Sept. 20 Webinar to Offer Insight Into Rare Disease Clinical Trials

AADC deficiency patients, caregivers can register now for free live seminar

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by Mary Chapman |

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An illustration of a clinical trial word puzzle.

A free live webinar on Sept. 20 will explore various aspects of rare disease clinical trials — and offer insight into the challenges researchers face in finding and enrolling participants, particularly those of diverse backgrounds.

Those interested in attending can register now for the hour-long webinar, titled “Rare Disease Clinical Trials: Site, Advocate, and Technology Insights.” It will broadcast live at 12 p.m. EDT, according to a press release announcing the event.

Attendees will learn about the hope that clinical trials can represent to rare-disease families and caregivers, as well as what study participants can expect and how trials can be improved. In addition, speakers will discuss trial difficulties, including costs — estimated at more than $300,000 per patient — and making studies convenient for caregivers.

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The Road to Enrolling in a Clinical Trial

Further, attendees will hear about new technologies that can affect clinical study enrollment, retention, and compliance. Speakers will address the extent to which “adaptive experiences” improve studies for all participants. Trials with adaptive designs permit modifications without undermining their validity or integrity.

Clinical studies are at the heart of all medical progress, according to the webinar organizers. The goal of such trials is to determine whether a procedure, device, or pharmaceutical therapy is effective and safe. Trials also may evaluate novel ways of using cure treatments, gauge other aspects of care, or just record a condition’s progression over time to provide further data to researchers.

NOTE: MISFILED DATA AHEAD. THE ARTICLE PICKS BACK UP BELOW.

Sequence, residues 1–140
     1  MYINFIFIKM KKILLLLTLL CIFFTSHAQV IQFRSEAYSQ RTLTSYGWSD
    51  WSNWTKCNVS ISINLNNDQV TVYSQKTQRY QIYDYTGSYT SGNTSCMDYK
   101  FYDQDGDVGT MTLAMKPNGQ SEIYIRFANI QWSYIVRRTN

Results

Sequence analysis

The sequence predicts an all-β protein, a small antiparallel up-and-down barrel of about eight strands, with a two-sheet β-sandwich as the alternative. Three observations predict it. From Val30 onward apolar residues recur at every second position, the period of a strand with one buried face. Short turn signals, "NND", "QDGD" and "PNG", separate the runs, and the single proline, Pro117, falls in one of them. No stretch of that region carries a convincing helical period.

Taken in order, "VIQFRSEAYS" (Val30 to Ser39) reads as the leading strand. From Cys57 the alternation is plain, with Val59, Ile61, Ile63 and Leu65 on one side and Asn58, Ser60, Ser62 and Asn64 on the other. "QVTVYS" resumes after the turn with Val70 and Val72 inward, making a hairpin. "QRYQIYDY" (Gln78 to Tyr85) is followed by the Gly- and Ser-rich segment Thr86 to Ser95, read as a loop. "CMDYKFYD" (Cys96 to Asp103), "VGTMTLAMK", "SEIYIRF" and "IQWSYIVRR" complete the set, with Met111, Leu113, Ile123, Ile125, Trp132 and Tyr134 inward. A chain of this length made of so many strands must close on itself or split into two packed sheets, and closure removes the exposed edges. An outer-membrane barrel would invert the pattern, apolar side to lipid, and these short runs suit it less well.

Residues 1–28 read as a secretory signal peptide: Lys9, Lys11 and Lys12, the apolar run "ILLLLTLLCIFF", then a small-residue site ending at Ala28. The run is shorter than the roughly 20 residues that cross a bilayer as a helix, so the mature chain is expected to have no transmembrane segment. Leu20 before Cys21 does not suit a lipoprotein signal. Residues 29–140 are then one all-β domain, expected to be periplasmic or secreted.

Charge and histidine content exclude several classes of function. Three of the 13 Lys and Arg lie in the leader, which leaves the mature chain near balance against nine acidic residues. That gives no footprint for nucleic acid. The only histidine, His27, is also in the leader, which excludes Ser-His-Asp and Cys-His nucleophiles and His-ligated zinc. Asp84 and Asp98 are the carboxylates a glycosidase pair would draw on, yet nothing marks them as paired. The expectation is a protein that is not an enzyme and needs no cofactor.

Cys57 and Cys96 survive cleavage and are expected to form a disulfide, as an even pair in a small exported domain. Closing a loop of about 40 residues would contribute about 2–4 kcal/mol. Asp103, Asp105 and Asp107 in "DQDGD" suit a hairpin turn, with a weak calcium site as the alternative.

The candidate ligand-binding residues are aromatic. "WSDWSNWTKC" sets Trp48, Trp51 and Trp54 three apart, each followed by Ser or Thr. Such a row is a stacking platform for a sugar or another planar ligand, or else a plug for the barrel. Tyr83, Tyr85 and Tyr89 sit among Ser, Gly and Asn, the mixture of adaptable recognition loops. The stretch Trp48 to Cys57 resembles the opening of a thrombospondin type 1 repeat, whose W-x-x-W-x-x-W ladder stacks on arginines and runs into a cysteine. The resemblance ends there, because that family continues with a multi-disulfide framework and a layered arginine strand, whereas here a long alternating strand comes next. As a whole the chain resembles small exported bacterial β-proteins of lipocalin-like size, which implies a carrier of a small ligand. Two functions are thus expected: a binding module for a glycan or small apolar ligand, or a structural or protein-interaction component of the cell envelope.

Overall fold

Some 300 million people worldwide are thought to have a rare disorder — such as AADC deficiency, which affects the nervous system and hinders communication between nerve cells.

Only approximately 5% of rare diseases have even one federally approved treatment. There is no cure for AADC, but treatments are available that can ease some symptoms and enhance patients’ life quality. Other therapies are being developed.

The webinar will feature speakers who are experts in rare diseases, including:

  • Daniel DeFabio, director of community engagement for Global Genes. His son, now deceased, had the rare disease Menkes, an inherited X-linked recessive disorder. DeFabio will discuss the expectations and hopes of trial participation.
  • Fabian Sandoval, MD, president and CEO of the Emerson Clinical Research Institute. His presentation will focus on driving diversity in clinical trials.
  • Andrea Valente, CEO of ClinOne, an advocate of adaptive experiences for clinical trial participants. She will speak about using technology to create adaptive experiences for all study participants.

Xtalks, which provides educational webinars to the global life science, food, and medical devices communities, is presenting the event. The webinar is hosted by ClinOne.